Andy Warhol. Catalogue Raisonné. Paintings and Sculptures 1964-1969. Volume 2 by Andy Warhol
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Andy Warhol

Andy Warhol. Catalogue Raisonné. Paintings and Sculptures 1964-1969. Volume 2 2004

Paper
25 ⨯ 29 cm
€ 750

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About the artwork

WARHOL - Frei, George & Thomas Printz: July 2004, (29 x 25 cm), 850 pp. English text, 1460 colour ills., 130 b/w. ills., 2 volumes, hardcover in carton slipcase.

Andy Warhol (1928-1987) is arguably the most iconic figure of twentieth-century art, a highly enigmatic personality who not only altered the definition of art itself but also left in his wake a vast and staggeringly complex record of his activities. Warhol's archive consists not only of his artworks but also of 1,500 cardboard boxes, flat files and trunks filled with source material, memorabilia, correspondence and junk mail. The catalogue raisonné constitutes an indispensable record of the artist's paintings, drawings and sculptures: some 15,000 works produced by the artist between 1948 and 1987, the year of his death. Volume 2 documents the artist's paintings, sculpture and installations made between 1964 and 1969, the important period known as 'The Factory Years', when Warhol began to acquire Pop Art fame as well as a cadre of collaborators and groupies - all of which made 'The Factory' into one of the most mythologized artist's studios ever, and Warhol's work at this time emblematic of his career as a whole. This volume documents 23 series and more than 1,400 individual works, including the well-known series Thirteen Most Wanted Men, the box sculptures, approximately 300 works in the Jackie series, and the 1964 and 1964-5 Flowers series, amongst others. As in Volume 1, Volume 2 includes a fascinating collection of source material: especially the rare studio photographs taken by Billy Name-Linich, who became The Factory's first de facto photographic historian. In this volume, editors Georg Frei and Neil Printz focus on Warhol's serial production, analysing the evolution of Warhol's working methods and the growing relationship between Warhol's exhibitions and his studio production. They establish a sophisticated and extensive chronology for the works of this period, many of which have been difficult to locate and to date, due to their seriality. The text provides both a compelling overview and an unparalleled deconstruction of Warhol's riveting story. The project is co-sponsored by the Andy Warhol Foundation for the Visual Arts in New York and by Thomas Ammann Fine Art in Zurich.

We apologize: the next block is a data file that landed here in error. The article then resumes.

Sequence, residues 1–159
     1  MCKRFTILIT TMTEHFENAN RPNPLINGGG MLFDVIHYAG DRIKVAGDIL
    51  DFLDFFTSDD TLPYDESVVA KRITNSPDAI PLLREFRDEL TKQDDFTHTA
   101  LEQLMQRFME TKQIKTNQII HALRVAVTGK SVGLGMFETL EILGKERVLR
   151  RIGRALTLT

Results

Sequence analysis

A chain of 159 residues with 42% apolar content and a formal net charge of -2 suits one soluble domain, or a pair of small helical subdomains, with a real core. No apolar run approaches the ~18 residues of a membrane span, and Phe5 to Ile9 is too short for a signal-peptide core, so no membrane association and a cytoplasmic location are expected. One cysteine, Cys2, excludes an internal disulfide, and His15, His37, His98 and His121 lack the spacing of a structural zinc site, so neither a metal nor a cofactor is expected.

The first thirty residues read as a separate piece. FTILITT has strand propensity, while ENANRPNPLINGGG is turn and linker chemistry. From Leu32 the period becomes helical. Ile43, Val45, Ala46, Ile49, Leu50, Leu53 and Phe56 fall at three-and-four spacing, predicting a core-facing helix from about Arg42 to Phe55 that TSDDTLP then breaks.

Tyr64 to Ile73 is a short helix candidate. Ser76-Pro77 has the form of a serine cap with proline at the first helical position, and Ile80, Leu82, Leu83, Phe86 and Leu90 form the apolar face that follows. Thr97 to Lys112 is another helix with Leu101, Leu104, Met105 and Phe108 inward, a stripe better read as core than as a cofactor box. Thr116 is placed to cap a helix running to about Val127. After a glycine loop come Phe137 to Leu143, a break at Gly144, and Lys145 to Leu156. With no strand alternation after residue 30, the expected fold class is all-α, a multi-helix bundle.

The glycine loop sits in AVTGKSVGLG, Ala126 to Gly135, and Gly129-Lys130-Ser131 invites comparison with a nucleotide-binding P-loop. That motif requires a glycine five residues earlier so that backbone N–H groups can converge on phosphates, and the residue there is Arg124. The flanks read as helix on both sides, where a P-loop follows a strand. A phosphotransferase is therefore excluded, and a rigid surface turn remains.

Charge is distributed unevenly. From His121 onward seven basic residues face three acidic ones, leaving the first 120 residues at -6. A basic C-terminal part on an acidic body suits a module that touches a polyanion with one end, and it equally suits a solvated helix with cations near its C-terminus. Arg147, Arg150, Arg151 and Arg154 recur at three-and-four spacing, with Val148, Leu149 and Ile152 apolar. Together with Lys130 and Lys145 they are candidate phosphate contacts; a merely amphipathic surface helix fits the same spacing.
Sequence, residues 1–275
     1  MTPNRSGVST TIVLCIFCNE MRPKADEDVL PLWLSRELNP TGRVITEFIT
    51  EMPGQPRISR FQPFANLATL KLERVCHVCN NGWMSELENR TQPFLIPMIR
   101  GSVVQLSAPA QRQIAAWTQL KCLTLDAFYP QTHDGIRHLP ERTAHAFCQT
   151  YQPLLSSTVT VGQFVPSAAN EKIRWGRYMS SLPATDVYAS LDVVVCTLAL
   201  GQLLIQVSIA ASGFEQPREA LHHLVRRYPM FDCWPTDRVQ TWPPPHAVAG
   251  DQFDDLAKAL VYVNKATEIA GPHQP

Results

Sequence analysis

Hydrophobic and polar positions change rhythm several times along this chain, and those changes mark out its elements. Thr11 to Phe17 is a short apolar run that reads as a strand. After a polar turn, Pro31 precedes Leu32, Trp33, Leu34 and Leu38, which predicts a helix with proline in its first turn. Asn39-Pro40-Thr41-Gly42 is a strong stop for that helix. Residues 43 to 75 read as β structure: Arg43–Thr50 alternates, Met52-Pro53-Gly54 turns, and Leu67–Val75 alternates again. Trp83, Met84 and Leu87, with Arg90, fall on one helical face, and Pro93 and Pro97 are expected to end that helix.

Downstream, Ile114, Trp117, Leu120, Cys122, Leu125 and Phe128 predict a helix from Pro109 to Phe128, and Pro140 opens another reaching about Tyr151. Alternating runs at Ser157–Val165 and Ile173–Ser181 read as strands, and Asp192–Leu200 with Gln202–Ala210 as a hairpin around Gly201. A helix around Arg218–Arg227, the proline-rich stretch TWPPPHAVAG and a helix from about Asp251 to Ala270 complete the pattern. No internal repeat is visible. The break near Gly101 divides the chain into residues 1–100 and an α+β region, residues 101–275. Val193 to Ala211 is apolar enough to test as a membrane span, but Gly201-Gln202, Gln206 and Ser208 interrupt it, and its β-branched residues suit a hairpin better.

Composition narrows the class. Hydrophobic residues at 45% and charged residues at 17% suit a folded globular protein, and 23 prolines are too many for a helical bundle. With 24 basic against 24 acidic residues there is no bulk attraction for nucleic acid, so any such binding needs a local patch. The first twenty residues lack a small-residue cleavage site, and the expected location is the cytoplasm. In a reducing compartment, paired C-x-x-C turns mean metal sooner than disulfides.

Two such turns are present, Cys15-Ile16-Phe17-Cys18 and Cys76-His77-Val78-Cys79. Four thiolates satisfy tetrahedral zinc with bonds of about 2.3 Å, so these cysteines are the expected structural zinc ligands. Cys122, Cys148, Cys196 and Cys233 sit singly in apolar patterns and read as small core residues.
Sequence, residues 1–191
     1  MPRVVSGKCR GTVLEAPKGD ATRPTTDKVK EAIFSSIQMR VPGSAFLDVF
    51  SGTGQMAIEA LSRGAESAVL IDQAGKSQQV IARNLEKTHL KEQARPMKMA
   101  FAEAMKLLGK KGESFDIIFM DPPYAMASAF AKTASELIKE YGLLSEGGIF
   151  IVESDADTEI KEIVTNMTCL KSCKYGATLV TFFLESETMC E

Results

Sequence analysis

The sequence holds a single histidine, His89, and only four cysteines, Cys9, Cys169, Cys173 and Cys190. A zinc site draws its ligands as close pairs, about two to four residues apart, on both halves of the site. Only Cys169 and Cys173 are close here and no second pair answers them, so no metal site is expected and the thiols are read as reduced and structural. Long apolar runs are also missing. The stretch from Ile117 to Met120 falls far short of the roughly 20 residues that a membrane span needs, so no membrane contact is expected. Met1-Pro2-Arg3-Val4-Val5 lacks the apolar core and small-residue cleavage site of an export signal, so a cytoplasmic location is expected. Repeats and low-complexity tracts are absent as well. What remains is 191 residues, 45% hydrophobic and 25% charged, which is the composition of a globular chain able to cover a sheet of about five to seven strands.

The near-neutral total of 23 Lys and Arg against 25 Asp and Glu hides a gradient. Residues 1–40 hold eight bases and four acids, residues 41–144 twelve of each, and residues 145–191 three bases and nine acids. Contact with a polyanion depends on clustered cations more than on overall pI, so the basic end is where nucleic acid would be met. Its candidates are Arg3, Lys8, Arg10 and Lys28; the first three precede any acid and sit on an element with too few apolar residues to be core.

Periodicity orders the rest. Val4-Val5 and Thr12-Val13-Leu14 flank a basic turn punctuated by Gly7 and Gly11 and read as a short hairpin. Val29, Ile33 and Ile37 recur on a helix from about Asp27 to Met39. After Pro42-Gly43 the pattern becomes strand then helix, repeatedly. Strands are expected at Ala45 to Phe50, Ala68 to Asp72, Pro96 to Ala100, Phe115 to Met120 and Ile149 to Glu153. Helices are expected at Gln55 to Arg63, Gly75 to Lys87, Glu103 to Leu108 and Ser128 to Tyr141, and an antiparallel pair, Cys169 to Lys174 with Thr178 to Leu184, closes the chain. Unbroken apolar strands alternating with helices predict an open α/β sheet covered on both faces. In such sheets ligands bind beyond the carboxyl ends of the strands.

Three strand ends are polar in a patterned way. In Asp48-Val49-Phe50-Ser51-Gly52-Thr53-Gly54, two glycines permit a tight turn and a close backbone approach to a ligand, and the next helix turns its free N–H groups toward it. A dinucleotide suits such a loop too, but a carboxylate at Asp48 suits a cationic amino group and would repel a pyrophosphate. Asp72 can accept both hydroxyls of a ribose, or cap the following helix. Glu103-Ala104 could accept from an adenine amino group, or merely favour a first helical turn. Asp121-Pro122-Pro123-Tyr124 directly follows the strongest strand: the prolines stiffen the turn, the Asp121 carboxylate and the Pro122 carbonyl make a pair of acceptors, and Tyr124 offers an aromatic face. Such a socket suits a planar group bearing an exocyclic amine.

About the Artist

Andy Warhol was born Andrew Warhola on August 6, 1928, in Pittsburgh. He received his B.F.A. from the Carnegie Institute of Technology, Pittsburgh, in 1949. That same year, he moved to New York, where he soon became successful as a commercial artist and illustrator. During the 1950s, Warhol's drawings were published in Glamour and other magazines and displayed in department stores. He became known for his illustrations of I. Miller shoes. In 1952, the Hugo Gallery in New York presented a show of Warhol's illustrations for Truman Capote's writings. He traveled in Europe and Asia in 1956.

By the early 1960s, Warhol began to paint comic-strip characters and images derived from advertisements; this work was characterized by repetition of banal subjects such as Coca-Cola bottles and soup cans. He also painted celebrities at this time. Warhol's new painting was exhibited for the first time in 1962, initially at the Ferus Gallery, Los Angeles, then in a solo exhibition at the Stable Gallery, New York. By 1963, he had substituted a silkscreen process for hand painting. Working with assistants, he produced series of disasters, flowers, cows, and portraits, as well as three-dimensional facsimile Brillo boxes and cartons of other well-known household products.

Starting in the mid-1960s, at The Factory, his New York studio, Warhol concentrated on making films that were marked by repetition and an emphasis on boredom. In the early 1970s, he began to paint again, returning to gestural brushwork, and produced monumental portraits of Mao Tse-tung, commissioned portraits, and the Hammer and Sickle series. He also became interested in writing: his autobiography, The Philosophy of Andy Warhol (From A to B and Back Again), was published in 1975, and The Factory published Interview magazine. A major retrospective of Warhol's work organized by the Pasadena Art Museum in 1970 traveled in the United States and abroad. Warhol died February 22, 1987, in New York.